A guiding principle of real estate development is that a property should serve its “highest and best use”, typically pointing to maximum wealth creation. At the Big Lake Community Clothing Closet, the all-volunteer staff has created a unique arrangement. While its budget is bare bones, and funded entirely by community donations, the highest and best use of this secondhand shop cannot be quantified. The reason? Items are not for sale, but rather the doors are opened once a week, and everything is given away for free. To anyone. Shoppers are often facing dire financial circumstances. The Clothing Closet stands ready to help. “We have everything you need for a house, except the big appliances and furniture — we’ll take it all” explains co-manager Jeff Antill of the donated goods which come directly from area locals.
His partner in this endeavor, Christy Ward, a dynamic, weathered blonde whose energy animates the small space, is ready for anything or anyone who comes through the door. Her nail polish usually matches her tie dye or other accessories, and her measured warmth feels like a mix of Stevie Nicks and Mother Teresa. On a recent Wednesday she greeted me from her modest office, seated on the floor surrounded by a dozen white bags stuffed with clothing, like a pillowy cloud. As she sprung to her feet, a small dog tumbled out and skittered around the room before being contained. A larger dog loped through the gathering while clothing was sorted and stories were being shared. Christy credits landlord Casey Steinau with granting a lease to the organization seven years ago, when due to closure of the church which originally housed them, new space was needed. “She gave us three months, totally rent-free, which just made this possible when it otherwise may not have come together,” Christy said.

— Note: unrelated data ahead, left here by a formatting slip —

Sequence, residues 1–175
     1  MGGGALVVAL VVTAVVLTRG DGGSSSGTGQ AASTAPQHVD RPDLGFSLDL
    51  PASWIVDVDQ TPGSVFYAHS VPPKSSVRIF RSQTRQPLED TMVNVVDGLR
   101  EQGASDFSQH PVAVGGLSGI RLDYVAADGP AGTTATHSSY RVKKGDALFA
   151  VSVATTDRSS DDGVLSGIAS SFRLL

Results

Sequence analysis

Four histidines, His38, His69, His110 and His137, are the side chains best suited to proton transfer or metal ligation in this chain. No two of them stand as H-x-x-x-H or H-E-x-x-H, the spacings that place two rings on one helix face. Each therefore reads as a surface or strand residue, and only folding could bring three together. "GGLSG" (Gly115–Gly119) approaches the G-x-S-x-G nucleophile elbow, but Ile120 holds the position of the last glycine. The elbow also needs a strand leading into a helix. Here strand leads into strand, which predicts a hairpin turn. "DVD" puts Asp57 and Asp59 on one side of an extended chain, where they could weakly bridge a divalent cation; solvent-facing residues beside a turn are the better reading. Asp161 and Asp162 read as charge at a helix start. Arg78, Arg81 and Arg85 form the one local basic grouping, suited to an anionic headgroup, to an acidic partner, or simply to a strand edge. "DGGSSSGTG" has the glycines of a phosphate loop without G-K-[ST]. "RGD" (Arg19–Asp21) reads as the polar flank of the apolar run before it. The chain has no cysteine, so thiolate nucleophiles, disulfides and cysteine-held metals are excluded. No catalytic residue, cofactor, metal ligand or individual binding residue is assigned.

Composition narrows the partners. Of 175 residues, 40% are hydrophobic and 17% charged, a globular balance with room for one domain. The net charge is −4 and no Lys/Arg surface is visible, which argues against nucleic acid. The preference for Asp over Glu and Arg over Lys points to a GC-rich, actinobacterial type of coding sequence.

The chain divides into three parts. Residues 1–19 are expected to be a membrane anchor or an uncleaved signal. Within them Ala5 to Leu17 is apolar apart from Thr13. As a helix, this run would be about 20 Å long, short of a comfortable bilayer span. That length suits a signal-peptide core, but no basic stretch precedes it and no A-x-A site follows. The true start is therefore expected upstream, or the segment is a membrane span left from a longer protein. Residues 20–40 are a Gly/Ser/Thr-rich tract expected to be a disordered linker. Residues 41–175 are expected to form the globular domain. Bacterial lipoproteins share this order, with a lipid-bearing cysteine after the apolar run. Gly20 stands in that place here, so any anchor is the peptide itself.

The bright green building in the center of town holds a happy hum of volunteers on Tuesdays, in preparation for its public hours on Wednesdays. This crew is not formally organized, simply trusting that workers will show up to process the donations. Many of the Tuesday regulars say they prefer to work behind the scenes, avoiding Wednesdays and its tendency for heavy traffic and crowded quarters. Even while closed to the public, the 600 square feet is being maximized, with a half dozen clothing racks, three bookcases, tables and shelves devoted to jeans, khakis, and childrens’ shoes. The perimeter of the room is stacked with baby clothes, and rubber totes line the floor, holding toys, scrubs, swimwear, and more shoes. Between the large windows are housewares and craft supplies. While this is not a curated boutique by any means, there is a surprising degree of order to be found. Workers know what’s available, often having handled each piece themselves. Longtime volunteer Dorothy Hilla says, “You might be surprised to know how often we have just what someone is looking for.”
All of the volunteers came through word of mouth. When asked why she chose this outlet for her charitable labor, Miki Entwisle says wryly, “These people like me.”